The digital format has also removed the ‘excitement factor’ from buying music. I’m sure you’ve all been there. The bus ride (or car journey) into town to the record shop, browsing the musty racks of the independents (fighting between the dodgy stock and high prices to find the gems….or at least how it was in our local one), and the moment of triumph when you find something, be it something you’ve either been searching for for a while, or a new release. Then the agonising wait to get home to give it a first play (made slightly easier if you owned a car), seemingly only heightened the excitement. It isn’t very often I get to experience such a ritual these days, owing to the fact I order a lot of my purchases via the internet (albeit still in tangible formats), though the excitement is still there owing to the wait for purchases to arrive, and the great ceremonial tearing off of the cellophane wrapping .

Again, watching a progress bar slowly filling across a screen somehow doesn’t quite have the same mystique about the whole experience. Streaming services like Spotify can also take the mystique of the great first play. Having burst open the packaging hearing an album for the first time can also be a proper ‘event’. Using Spotify as a try-before-you-buy service as I have done countless times, while meaning you don’t buy a dud (in itself a good thing, don’t get me wrong), also – in my experience – tends to mean the eventual arrival of the release in question is met with a somewhat blasé response. I’ve also had it where I’ve played an album to death on Spotify to the extent that I’m sick of it by the time the actual release hits the doormat. Perhaps this is just me misusing the new technologies available, or not exercising sufficient self-restraint, but it’s still quite disheartening when you’ve waited ages to hear an album, to put it on and think ‘actually, I’ve heard this too many times already’, and have it put back on the shelf.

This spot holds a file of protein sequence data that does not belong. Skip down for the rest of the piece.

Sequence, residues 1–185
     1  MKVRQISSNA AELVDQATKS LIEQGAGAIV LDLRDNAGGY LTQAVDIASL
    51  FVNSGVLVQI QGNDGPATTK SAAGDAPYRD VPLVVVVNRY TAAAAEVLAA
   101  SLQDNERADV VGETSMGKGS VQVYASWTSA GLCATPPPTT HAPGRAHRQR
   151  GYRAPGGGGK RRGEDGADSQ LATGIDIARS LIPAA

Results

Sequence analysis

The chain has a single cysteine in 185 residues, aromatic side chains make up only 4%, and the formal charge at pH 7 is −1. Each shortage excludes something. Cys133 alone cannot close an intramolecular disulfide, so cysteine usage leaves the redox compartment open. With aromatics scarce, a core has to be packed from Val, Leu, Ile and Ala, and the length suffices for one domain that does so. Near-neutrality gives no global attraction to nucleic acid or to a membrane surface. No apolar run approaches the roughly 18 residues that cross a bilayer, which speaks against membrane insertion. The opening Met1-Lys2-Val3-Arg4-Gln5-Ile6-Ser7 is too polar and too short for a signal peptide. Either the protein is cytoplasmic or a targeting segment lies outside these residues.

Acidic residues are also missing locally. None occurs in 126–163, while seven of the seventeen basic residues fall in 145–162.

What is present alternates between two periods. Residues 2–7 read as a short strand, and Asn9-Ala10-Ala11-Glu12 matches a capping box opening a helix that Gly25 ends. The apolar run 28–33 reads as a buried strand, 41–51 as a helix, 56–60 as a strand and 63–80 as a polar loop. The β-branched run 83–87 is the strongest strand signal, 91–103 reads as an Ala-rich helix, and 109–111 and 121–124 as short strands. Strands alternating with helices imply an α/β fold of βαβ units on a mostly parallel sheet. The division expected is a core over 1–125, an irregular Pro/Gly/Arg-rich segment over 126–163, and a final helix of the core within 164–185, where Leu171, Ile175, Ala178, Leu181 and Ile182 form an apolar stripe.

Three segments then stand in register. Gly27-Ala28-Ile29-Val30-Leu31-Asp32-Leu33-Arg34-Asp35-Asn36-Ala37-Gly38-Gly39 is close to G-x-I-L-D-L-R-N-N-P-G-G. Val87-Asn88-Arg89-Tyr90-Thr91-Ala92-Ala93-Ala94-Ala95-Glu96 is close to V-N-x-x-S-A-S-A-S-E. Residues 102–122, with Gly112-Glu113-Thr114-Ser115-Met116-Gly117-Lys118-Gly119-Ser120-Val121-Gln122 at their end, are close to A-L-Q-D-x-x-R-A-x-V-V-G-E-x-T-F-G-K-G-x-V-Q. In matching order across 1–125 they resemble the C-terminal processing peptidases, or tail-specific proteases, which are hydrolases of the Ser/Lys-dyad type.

As mentioned in my other bit of writing concerning the digital/physical debate, I’m in no way preaching about how you should all down tools and go back to physical formats. The digital formats are great for mix CDs, playlists, playing Spotify DJ at parties, or a more convenient club-night DJ’ing tool (miles eaiser than carrying a ton of CDs around, I’m sure you’ll agree) etc (as well as being the only affordable outlet to buy certain Sarah Records releases such as The Hit Parade), and I wholly endorse them in an artistic sense. All I’m doing is thinking aloud on some little asides/quaint novelties that the tangible formats have, over time, brought us and perhaps have been taken for granted recently. I’d be sad to see these go, wouldn’t you?

Sunday, 21 February 2010

Tones of Town TV

Here are some "music videos" of recent songs I like. I have never watched them before, not having any music channels, and also not really caring about them in the first place any more. I say anymore because back when I was 17-20 it was my first port of call to find new bands - ashamedly, I didn't stick to the eclectic diet of the 120 Minutes shows, but watched the Gonzo show, and various top tens. In fairness, they gave my favourite bands of the time - Incubus, Mars Volta, Weezer etc... but I still look at the treasure trove of minimal techno and alternative rock that I now devour daily, and maybe I'd have enjoyed them back then more. Who knows.

The Boxer Rebellion

The Answering Machine

The Unwinding Hours

Bear in Heaven